Once you know how to identify software with an upcoming end-of-life cycle, you can plan your end-of-life mitigation process, whether by updating to a newer version, switching to a different tool, or phasing out that piece of software entirely.

Planning Your End-of-life Software Updates

To avoid exposing your software supply chain to new vulnerabilities that result from end-of-life deprecation, you can run a regular end-of-life assessment review to identify what software has recently reached its end-of-life or what might be coming up. Updating your EOL software ensures your system and any software dependencies maintain functionality.

Start by reviewing your inventory of IT assets, or creating one if you don't already have one. You might include the software's version number and any licensing information, such as the license expiration date, alongside the different operating systems in use for your system. Keep this inventory up-to-date so that you always know which software is in use across your organization.

With your software inventory in place, you can evaluate when software needs updating, whether due to security patches, compatibility updates, or the end of service notice. Run a regular end-of-life assessment to ensure that your system is up-to-date and that you remove apps that are no longer supported. Because different software providers maintain various EOL cycles and policies, you need to keep track of the supported duration for each provider and where they provide that data. You can use a software vulnerability scanner to identify known vulnerabilities, such as end-of-life software reminders. UpGuard BreachSight provides continuous monitoring for vulnerabilities, including EOL software notice.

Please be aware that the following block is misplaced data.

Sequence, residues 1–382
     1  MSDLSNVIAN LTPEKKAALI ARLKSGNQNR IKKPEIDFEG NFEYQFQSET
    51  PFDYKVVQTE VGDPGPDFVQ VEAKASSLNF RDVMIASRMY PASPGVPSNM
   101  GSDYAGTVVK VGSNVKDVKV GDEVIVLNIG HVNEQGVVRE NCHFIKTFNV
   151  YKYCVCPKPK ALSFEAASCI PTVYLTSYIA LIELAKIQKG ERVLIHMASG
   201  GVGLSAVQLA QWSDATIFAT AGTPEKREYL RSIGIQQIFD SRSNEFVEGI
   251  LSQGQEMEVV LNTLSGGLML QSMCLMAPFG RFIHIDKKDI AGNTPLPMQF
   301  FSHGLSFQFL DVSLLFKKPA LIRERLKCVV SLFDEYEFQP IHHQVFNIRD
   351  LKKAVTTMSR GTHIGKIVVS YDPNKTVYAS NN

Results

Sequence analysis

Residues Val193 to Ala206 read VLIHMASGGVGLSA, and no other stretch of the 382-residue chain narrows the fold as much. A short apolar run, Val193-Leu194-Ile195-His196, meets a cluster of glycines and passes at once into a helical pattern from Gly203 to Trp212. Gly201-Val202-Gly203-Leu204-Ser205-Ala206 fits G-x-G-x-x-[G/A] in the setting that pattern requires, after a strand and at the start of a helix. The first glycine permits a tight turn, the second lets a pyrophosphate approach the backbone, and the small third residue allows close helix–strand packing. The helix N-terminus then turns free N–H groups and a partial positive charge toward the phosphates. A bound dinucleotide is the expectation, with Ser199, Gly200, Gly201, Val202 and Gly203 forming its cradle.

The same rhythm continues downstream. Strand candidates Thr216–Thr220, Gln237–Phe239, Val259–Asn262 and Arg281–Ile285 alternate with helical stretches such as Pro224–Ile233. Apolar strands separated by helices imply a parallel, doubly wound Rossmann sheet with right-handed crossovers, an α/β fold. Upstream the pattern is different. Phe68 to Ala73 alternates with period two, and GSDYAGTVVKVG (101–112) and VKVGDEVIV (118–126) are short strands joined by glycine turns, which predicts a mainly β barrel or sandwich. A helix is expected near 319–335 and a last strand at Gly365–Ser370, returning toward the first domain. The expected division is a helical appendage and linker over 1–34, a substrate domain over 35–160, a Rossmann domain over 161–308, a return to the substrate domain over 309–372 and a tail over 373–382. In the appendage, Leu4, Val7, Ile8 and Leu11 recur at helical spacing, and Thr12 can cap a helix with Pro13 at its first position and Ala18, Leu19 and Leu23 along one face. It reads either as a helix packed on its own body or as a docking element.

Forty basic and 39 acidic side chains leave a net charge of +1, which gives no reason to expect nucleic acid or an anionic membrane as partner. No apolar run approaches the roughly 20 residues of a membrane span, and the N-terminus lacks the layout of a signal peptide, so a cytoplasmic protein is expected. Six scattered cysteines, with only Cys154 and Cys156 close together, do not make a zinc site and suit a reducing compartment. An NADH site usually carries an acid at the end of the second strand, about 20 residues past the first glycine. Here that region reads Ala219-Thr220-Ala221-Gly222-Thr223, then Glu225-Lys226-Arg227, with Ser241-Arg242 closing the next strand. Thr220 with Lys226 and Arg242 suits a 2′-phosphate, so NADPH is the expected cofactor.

When end-of-life software is identified, you can migrate to an updated version (if available) and deinstall the end-of-life version. Some software providers offer extended support for a brief duration following the EOL date, during which the product will receive security updates for longer than the typical EOL policy. If the software is being fully deprecated, be sure to export your data for migration to a new tool. Software migration can be a major project, so it is critical to detect upcoming EOL/EOS deprecation in advance of when the product will no longer be supported. To ensure that your system is protected, be sure to implement access control for updates and limit privileged access on the network to only those necessary tools and individuals.

If new risks are introduced due to an end-of-life software deprecation, you may need to incorporate vulnerability remediation into your end-of-life assessment so that you can ensure your system is fully protected from threat actors.